Periodontal disease or gum disease is a chronic bacterial infection of the gums and the supporting bone around the teeth. It is a major cause of tooth loss in adults however; as periodontal disease is often painless, you may not even know you have it.
Although most individuals suffer from gum inflammation from time to time, approximately 13 to 17% of the population appear to suffer from the more severe forms of the gum disease, which causes loss of supporting bone.
Gum disease has three stages of progression: gingivitis, periodontitis, and advanced periodontitis; the longer the disease has to advance, the more damage it causes. With advancements in detection and treatment, we can discover periodontal disease early and begin treatment before complicated issues arise.
What Causes Periodontal Disease?
The main cause of Gum disease is the formation of dental plaque, which forms a sticky film on the tooth surface. Plaque contains bacteria, which release toxins that can damage the gums. If allowed to accumulate, plaque causes inflammation of the surface of the gums known as ‘gingivitis’. This type of inflammation will resolve if the plaque is removed through cleaning of the teeth.
As the amount of plaque increases it can begin to mineralize and form tartar (calculus). Such hard deposits have a rough surface and allow more plaque formation and further damage to the gums. If plaque accumulates for a long time the changes it causes in the gums can lead to loss of bone support, a condition known as ‘Periodontitis’.
Not everyone is susceptible to periodontal disease. Individuals with gum disease have a low resistance to periodontal bacteria. This lower resistance can be attributed to one or more different risk factors, such as Age – Poor Oral Hygiene – Smoking – Stress – Pregnancy – Diabetes …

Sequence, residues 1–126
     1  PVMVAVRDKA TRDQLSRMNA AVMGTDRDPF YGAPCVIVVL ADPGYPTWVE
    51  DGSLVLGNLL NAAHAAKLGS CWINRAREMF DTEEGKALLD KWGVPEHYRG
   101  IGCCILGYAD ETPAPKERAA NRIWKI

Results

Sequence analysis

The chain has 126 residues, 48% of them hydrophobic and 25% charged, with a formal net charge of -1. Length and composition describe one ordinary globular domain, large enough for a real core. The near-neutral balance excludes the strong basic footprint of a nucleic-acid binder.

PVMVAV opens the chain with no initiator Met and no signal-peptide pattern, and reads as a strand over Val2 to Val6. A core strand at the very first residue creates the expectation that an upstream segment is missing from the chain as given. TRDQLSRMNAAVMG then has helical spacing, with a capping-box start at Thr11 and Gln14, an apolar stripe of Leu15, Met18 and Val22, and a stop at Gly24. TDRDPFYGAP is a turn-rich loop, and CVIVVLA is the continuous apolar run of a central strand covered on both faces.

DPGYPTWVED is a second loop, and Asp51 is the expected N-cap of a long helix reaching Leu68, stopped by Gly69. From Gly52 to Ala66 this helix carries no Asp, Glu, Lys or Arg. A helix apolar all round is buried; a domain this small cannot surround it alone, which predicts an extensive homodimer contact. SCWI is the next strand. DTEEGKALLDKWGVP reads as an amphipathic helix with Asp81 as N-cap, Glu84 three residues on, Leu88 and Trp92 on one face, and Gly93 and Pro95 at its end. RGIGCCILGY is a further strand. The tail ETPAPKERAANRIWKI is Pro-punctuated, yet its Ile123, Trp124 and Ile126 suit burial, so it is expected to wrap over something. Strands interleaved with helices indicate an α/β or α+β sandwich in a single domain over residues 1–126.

Common Signs of Gum Disease:
If you notice any of the above signs or symptoms of periodontal disease, please contact us for a periodontal evaluation. Since pain is a rare symptom, it is possible to be unaware of any of the above changes. Your gums may look and feel normal but periodontal disease can still be present.
- Red, tender, and swollen gums that bleed during brushing or flossing
- Constant bad breath or bad taste in your mouth
- Gum line receding , or gums are pulling away from teeth and forming pockets
- Changes in your bite or teeth alignment, loose teeth
It is advisable to attend your dentist regularly so that special assessment techniques to detect changes in the gums, sometimes including x-rays, can be carried out as part of your routine dental examination.
Gingivitis - Periodontitis?
Gingivitis (gum inflammation) usually precedes periodontitis . However, it is important to know that not all gingivitis progresses to periodontitis. In the early stage of gingivitis, bacteria in plaque build up, causing the gums to become inflamed and to easily bleed during tooth brushing. Although the gums may be irritated, the teeth are still firmly planted in their sockets. No irreversible bone or other tissue damage has occurred at this stage.
When gingivitis is left untreated, it can advance to periodontitis. In a person with periodontitis, the inner layer of the gum and bone pull away from the teeth and form pockets. These small spaces between teeth and gums collect debris and can become infected. The body's immune system fights the bacteria as the plaque spreads and grows below the gum line.
Toxins or poisons produced by the bacteria in plaque start to break down the bone that hold teeth in place. As the disease progresses, the pockets deepen and more gum tissue and bone are destroyed leading to tooth loss
How to Prevent Periodontal Disease?
Periodontal inflammation is not inevitable. The development of gingivitis and periodontitis can be prevented by adopting thorough oral hygiene habits, alongside regular professional examinations and support.The basic elements of a good oral hygiene regime are:
- Cleaning the chewing surfaces and sides of the teeth twice daily, with a toothbrush (of an appropriate size and in good condition) and toothpaste.
- Cleaning the spaces between the teeth where the toothbrush bristles cannot reach, using either dental floss or an interdental brush, depending on the size of the space. This should be done once daily.
If, as a result of an inadequate cleaning technique, plaque deposits are left on the teeth, these will become mineralised and turn into hard deposits (tartar) that cannot be removed with a toothbrush. Your dentist and your hygienist will identify these deposits during your regular dental examination and remove them as part of a professional clean.